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COBALT

By: Salt Institute
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Cobalt

Goats - Cobalt deficiency symptoms include a loss of appetite, emaciation, weakness, anemia, and decreased production. At present there are no definitive reported normal values for the levels of cobalt in the livers of goats. However, the values found in the present study for normal and fatty livers were consistent with those reported for sheep and cows.

The only known animal requirement for cobalt is as a constituent of Vitamin B12, which has 4% cobalt in its chemical structure. This means that a cobalt deficiency is really a vitamin B12 deficiency. Reduced liver stores of cobalt are considered indicative of a dietary cobalt deficiency in ruminants (McDowell, 1992) and its measurement is generally considered sufficiently responsive to changes in cobalt intake to be of diagnostic value in cobalt deficiency (Smith, 1987). Microorganisms in the rumen are able to synthesize vitamin B12 needs of ruminants if the diet is adequate in cobalt.

Normally, cobalt is not stored in the body in significant quantities. The small amount that is stored does not easily pass back into the rumen or intestinal tract where it can be used for vitamin B12 syntheses. Therefore, ruminants must consume cobalt frequently in the diet for adequate B12 synthesis. Injected cobalt is ineffective. The fact that injected cobalt is ineffective agrees with recent research which suggests that cobalt deficiency in the rumen may be more important then a vitamin B12 deficiency at the tissue level.

Liver B12 As Cobalt Status Indicator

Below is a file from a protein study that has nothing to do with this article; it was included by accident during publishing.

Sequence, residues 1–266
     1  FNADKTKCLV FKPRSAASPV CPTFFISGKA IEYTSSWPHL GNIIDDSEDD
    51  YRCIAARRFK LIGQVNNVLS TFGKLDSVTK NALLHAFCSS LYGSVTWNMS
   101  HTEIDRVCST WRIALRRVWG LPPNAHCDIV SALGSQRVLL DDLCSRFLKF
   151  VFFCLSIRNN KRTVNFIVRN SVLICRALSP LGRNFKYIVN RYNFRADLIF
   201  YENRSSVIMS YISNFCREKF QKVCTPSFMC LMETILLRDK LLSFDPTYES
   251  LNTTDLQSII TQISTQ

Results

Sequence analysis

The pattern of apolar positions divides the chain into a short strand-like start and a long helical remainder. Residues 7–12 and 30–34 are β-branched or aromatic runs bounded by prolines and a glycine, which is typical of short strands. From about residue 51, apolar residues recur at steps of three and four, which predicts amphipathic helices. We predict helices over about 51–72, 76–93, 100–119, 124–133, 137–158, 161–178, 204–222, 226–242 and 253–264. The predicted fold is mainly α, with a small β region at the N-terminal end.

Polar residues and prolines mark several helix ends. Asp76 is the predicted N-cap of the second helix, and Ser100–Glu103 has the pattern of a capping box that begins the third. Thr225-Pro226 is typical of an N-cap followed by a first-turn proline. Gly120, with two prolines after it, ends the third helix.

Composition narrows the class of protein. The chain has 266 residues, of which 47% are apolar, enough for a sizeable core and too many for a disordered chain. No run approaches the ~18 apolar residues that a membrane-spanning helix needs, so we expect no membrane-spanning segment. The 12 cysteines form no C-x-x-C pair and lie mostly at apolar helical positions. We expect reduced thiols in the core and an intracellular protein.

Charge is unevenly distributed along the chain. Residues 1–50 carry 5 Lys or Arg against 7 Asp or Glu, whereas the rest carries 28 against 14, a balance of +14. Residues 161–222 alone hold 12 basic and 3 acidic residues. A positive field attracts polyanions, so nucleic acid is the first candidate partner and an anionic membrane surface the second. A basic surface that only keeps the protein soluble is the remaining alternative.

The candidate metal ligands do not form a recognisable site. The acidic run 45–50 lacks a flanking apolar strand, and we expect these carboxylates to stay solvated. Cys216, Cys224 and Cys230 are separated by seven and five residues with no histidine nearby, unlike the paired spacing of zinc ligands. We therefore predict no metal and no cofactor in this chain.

B12 in Fresh Liver (ppm) Cobalt Status of Animal
Less than 0.07 Severe cobalt deficiency
0.07 - 0.11 Moderate cobalt deficiency
0.11 - 0.19 Mild cobalt deficiency
0.19 or more Sufficiency

About the author: For further information: Online, the Salt Institute publishes useful articles by animal nutrition professionals and college-level course materials for the study of salt and trace mineral nutrition of livestock and poultry and additional FAQs about salt and trace mineral nutrition. Please contact the Salt Institute, National Research Council Animal Nutrition Committee, American Feed Industry Association, Council for Agricultural Science and Technology (CAST), Animal Nutrition Association of Canada, Dr. Larry L. Berger. Dr. Berger's assistance in preparing this page is gratefully appreciated. The FDA Center for Veterinary Medicine is another good source of information. Salt and other ingredients in animal feed are regulated by the Association of American Feed Control Officials (AAFCO). Other sites discuss feeding beef cattle, sheep and horses salt and trace minerals. Walton Feed has information about salt on its website.

Agricultural Research Service

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